- Subsuming of State Value Added Tax/Sales Tax, Entertainment Tax (other than the tax levied by the local bodies), Central Sales Tax (levied by the Centre and collected by the States), Octroi and Entry tax, Purchase Tax, Luxury tax, and Taxes on lottery, betting and gambling;
- Dispensing with the concept of ‘declared goods of special importance’ under the Constitution;
- Levy of Integrated Goods and Services Tax on inter-State transactions of goods and services;
- GST to be levied on all goods and services, except alcoholic liquor for human consumption. Petroleum and petroleum products shall be subject to the levy of GST on a later date notified on the recommendation of the Goods and Services Tax Council;
- Compensation to the States for loss of revenue arising on account of implementation of the Goods and Services Tax for a period of five years;
- Creation of Goods and Services Tax Council to examine issues relating to goods and services tax and make recommendations to the Union and the States on parameters like rates, taxes, cesses and surcharges to be subsumed, exemption list and threshold limits, Model GST laws, etc. The Council shall function under the Chairmanship of the Union Finance Minister and will have all the State Governments as Members.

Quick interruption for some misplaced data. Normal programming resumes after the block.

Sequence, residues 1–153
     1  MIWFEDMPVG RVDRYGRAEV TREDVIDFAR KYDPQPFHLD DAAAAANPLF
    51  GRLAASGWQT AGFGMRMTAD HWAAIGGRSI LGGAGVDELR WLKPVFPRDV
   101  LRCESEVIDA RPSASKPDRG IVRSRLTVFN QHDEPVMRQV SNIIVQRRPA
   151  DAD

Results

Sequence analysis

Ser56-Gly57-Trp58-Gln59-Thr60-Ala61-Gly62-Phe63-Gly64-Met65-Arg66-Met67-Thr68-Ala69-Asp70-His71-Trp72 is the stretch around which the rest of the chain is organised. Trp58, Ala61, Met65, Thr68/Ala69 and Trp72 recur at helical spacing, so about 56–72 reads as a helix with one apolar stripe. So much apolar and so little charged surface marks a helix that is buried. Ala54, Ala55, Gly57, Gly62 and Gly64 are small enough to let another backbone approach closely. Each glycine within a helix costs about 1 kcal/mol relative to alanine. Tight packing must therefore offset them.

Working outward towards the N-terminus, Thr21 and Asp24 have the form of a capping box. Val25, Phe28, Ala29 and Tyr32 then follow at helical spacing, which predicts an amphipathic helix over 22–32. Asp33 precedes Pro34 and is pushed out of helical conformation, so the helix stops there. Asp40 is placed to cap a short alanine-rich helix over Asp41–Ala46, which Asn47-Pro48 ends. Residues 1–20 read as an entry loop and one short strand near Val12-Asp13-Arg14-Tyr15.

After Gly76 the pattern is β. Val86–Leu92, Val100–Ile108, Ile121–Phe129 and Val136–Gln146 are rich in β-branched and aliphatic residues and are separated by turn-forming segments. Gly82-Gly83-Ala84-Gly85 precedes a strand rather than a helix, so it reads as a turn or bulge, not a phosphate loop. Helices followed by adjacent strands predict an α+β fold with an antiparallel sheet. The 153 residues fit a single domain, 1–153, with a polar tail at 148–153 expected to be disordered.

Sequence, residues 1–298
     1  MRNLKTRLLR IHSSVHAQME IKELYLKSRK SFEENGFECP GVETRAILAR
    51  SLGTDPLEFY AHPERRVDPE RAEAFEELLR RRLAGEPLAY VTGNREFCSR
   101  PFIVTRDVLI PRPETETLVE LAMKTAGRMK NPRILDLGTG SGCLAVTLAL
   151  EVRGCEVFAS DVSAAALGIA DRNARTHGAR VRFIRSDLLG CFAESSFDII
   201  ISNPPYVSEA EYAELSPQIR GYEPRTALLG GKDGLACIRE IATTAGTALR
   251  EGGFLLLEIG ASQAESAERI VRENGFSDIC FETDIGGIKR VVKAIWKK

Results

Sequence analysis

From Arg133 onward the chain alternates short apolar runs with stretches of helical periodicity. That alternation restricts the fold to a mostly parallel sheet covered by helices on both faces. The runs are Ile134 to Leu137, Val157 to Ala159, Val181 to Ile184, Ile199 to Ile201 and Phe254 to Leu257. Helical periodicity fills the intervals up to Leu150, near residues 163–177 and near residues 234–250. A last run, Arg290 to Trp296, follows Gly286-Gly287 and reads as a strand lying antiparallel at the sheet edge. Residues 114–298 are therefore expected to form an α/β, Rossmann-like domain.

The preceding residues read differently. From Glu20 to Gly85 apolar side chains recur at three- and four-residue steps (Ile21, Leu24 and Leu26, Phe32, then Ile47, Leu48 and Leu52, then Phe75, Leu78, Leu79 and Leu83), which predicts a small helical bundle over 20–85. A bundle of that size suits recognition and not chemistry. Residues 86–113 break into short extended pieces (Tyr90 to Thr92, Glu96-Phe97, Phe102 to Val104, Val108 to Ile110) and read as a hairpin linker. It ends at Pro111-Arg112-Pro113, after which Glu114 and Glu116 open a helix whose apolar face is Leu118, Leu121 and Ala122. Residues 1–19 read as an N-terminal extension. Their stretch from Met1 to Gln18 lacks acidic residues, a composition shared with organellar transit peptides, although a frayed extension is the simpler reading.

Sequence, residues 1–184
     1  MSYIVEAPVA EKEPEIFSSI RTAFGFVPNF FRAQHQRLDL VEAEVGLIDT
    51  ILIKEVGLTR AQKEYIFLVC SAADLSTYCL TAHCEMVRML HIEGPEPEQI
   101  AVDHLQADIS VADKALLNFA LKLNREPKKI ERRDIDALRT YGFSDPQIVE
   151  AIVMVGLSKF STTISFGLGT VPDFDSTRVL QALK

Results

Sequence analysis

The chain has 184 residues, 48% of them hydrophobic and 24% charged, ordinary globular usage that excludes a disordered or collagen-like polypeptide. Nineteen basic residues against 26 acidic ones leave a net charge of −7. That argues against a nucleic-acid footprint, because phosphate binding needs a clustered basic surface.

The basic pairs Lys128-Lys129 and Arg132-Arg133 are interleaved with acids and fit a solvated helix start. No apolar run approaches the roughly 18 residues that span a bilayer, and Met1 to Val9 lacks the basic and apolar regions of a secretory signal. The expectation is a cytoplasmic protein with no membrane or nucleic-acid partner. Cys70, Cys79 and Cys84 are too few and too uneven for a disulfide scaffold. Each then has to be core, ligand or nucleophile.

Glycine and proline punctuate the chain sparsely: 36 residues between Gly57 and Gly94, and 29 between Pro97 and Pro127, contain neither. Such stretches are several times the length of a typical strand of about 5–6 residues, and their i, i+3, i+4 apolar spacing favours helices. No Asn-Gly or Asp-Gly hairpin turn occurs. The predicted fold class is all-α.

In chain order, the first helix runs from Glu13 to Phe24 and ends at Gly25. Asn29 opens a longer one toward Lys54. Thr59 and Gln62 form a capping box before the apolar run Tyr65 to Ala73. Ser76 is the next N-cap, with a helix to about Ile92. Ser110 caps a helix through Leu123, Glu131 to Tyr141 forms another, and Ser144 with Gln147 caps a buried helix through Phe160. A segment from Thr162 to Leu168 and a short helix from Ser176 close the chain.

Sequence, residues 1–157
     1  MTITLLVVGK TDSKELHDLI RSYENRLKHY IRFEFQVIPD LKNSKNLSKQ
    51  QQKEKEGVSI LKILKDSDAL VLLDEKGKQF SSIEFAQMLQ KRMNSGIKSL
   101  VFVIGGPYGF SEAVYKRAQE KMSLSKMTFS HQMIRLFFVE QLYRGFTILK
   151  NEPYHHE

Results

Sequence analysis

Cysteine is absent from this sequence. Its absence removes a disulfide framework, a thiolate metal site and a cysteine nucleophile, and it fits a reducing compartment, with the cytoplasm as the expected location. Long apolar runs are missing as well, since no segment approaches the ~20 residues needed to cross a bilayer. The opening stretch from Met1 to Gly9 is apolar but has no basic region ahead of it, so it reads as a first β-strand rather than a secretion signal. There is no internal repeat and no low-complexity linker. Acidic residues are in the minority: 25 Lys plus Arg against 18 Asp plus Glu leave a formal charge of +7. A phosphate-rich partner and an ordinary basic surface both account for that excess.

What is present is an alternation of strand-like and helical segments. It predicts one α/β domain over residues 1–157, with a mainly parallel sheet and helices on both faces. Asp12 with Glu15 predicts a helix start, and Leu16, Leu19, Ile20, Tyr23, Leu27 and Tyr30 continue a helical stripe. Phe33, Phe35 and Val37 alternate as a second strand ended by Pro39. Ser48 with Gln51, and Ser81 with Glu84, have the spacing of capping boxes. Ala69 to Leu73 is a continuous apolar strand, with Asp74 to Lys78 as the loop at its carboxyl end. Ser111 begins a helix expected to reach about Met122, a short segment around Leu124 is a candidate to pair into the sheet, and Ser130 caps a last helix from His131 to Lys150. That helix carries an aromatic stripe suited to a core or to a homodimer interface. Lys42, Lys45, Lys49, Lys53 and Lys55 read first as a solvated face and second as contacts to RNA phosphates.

- Amendment to the constitution Parliament + more that 50% States and President’s assent.
- Formation of GST Council – Expected in September 2016
- Finalise Model draft of GST - Expected in November 2016
- CGST and IGST to be passed by parliament: Expected in November 2016.
- SGST to be passed by all states. Expected in December 2016
- GST network - Expected in December 2016
- GST Rules and Notifications and Forms – February 2017
- Implementation to begin from 01/04/2017
Let us now discuss the basic characteristics of proposed GST?
How does it work?